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Investigation Finds Thomas Has Benefited From Ultrawealthy Network for Decades

The group has been described as “the true aristocracy of America.”

A video from Supreme Court Associate Justice Clarence Thomas' 1991 confirmation is played during a Senate Judiciary Committee hearing where witnesses testified about Supreme Court ethics reform in the Hart Senate Office Building on Capitol Hill on May 2, 2023, in Washington, D.C.

For decades, an elite group of ultrawealthy and influential Americans has boasted the membership of Supreme Court Justice Clarence Thomas, and both the justice and the wealthy members of that network have benefited, a new investigation reveals.

Over the past months, Thomas’s financial relationship with conservative billionaire Harlan Crow has made headlines. But, as a new report by The New York Times published over the weekend reveals, Thomas actually has access to a much wider group of wealthy beneficiaries — access that has allowed Thomas to live a lavish lifestyle typically only enjoyed by the richest Americans, despite Supreme Court justices’ comparatively modest salaries.

Just months after Thomas was confirmed to the Supreme Court in 1991, he was welcomed into an exclusive group known as the Horatio Alger Association, named for an author known for writing novels with “rags to riches” themes due to the group’s own goal of promoting the supposed “bootstraps” narrative of the mythical American dream.

Before joining Horatio Alger, Thomas was well-connected by most standards, attending Yale Law School and serving under President Ronald Reagan as the chair of the Equal Employment Opportunity Commission in the 1980s. But membership in Horatio Alger gave Thomas an even more high-powered set of connections, marking his entry into the vast world of unmitigated wealth only accessible to the elite of the elite.

The group and its membership enjoy a level of access to power and wealth that is unimaginable to ordinary Americans; people familiar with the group say that joining Horatio Alger is akin to being knighted, while being in it is like being a member of the little-known aristocracy of the U.S. Its members include people like Reagan, Oprah Winfrey, Fox News chairman Roger Ailes and Donald Trump’s father, Fred Trump. Meanwhile, by welcoming Thomas into its ranks, the group has the ear of one of the most powerful people in the U.S.

Just as a member, Thomas has been able to attend exclusive events across the country — and the world. He has attended meetings by the group’s board of directors in places like Jamaica and Vancouver, Canada, which were accompanied by events like an exclusive performance by Johnny and June Carter Cash a year before Johnny Cash’s death, or an excursion to billionaire industrialist Dennis Washington’s island property in British Columbia.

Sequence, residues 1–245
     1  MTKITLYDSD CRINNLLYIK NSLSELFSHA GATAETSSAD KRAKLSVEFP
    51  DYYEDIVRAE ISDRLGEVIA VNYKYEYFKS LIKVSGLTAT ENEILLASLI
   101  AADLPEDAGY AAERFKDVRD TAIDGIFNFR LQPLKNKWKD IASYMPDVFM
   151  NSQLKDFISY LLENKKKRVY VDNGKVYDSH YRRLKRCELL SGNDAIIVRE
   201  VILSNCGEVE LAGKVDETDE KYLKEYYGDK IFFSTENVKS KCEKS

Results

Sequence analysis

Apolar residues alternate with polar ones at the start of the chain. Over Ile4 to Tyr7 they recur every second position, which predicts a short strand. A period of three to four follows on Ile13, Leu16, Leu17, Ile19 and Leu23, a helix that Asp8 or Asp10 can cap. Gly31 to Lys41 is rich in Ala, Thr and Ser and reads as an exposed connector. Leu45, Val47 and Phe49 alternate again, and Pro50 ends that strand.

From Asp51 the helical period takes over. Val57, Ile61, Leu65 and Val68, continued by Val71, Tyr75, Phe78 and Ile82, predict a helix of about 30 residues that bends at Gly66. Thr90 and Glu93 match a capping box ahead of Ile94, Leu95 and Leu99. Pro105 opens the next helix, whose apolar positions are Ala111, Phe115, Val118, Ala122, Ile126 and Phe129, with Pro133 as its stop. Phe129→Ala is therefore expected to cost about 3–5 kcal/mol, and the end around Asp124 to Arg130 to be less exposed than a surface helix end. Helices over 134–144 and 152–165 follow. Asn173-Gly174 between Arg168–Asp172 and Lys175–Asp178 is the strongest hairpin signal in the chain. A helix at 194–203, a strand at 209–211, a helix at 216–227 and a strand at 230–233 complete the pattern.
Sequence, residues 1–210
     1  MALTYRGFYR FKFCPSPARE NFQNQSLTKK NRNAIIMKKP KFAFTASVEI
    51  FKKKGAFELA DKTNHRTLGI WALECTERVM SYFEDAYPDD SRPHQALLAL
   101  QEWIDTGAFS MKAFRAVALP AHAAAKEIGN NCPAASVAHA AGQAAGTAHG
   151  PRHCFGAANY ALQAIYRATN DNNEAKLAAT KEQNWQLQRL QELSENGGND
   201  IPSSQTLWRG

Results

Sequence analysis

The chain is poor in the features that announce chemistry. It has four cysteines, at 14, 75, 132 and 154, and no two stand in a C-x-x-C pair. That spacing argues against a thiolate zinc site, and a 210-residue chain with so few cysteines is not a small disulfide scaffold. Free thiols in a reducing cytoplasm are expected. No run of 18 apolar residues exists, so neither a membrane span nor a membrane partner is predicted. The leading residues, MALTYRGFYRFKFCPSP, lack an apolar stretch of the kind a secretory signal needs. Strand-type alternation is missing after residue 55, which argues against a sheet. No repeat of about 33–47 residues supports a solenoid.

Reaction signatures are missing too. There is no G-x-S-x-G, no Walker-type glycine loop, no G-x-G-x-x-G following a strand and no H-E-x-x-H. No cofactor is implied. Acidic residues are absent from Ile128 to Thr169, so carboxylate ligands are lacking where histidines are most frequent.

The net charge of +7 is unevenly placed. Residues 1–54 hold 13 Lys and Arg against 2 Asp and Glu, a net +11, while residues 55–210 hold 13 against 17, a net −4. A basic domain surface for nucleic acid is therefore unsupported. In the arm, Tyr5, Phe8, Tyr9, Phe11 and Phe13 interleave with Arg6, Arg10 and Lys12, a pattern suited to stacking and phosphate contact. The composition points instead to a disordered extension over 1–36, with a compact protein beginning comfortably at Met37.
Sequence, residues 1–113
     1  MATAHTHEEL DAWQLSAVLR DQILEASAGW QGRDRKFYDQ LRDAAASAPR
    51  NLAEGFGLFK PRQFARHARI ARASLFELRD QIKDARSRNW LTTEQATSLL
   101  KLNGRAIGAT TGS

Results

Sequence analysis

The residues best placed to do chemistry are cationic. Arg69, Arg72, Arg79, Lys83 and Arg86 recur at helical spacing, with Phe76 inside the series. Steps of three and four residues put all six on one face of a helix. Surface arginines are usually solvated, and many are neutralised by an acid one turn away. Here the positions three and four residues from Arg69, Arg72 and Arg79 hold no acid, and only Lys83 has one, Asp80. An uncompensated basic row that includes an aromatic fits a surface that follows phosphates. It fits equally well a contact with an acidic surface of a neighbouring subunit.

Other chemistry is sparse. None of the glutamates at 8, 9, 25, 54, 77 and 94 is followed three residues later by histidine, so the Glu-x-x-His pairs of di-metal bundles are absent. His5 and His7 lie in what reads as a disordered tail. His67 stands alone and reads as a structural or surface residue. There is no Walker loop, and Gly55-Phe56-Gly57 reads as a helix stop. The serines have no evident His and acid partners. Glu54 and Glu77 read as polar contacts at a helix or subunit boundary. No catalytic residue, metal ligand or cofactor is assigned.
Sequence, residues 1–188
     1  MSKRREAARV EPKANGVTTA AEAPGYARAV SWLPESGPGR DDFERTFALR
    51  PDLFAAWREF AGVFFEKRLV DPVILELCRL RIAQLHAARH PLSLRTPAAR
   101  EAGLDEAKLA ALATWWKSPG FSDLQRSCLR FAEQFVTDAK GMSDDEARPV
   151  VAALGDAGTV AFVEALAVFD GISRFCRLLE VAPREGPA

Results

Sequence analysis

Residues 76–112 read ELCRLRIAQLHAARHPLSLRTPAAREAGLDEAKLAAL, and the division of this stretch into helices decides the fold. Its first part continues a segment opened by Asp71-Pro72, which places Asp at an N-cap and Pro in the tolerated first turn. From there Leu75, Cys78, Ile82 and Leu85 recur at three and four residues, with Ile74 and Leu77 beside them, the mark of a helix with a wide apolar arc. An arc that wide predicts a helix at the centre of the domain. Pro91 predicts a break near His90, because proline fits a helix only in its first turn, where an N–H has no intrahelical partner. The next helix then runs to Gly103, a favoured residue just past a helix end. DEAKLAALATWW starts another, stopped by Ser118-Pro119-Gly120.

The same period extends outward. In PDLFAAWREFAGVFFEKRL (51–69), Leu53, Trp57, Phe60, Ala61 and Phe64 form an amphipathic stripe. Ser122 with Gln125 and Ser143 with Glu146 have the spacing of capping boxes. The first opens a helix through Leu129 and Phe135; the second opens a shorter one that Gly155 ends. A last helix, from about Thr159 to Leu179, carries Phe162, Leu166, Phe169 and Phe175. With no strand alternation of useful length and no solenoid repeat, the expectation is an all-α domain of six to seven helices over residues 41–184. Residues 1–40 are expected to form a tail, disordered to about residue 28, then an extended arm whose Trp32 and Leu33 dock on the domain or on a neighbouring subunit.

Outside of the group’s regular business, fellow members of Horatio Alger have given Thomas “proximity to a lifestyle of unimaginable material privilege,” as The Times noted. Through Horatio Alger friends, Thomas has had VIP access to private retreats, lavish celebrity-filled parties and sporting events. Some even helped finance the marketing for a fulsome documentary about Thomas after an HBO movie resurfaced details about his alleged sexual harassment of Anita Hill.

Thomas has been deeply involved in the group, often meeting with and mentoring students who receive some of the millions of dollars that Horatio Alger gives away in scholarships each year.

The group has responded by naming Thomas an honorary board member and naming two scholarships after his son, Jamal Thomas. Those scholarships were directed to two Virginia prep schools — a school attended by a student Thomas was mentoring and a school attended by Thomas’s great nephew. Notably, Harlan Crow provided money to send Thomas’s great nephew, who the justice was raising as a son, to a different boarding school two years later.

In return, Thomas quite literally gives the scholarship recipients and other Horatio Alger members access to the Supreme Court. Every year, as part of a series of celebrations, Thomas welcomes the group into the Supreme Court, where the group holds its induction ceremony of roughly 10 new members — and where very few other members of the public are ever welcomed.

“They really treated him like a brother, like he mattered and, in return, he opened up the Supreme Court,” Armstrong Williams, conservative commentator and former close friend to Thomas, who helped the justice get into the group, told The New York Times.

“Let me tell you, Horatio Alger has been one of the best things that has ever happened to him,” Williams said. “This is also about power and prestige…. I mean, Thomas is on the Supreme Court. Even though they provide for these kids, this is the true aristocracy of America.”

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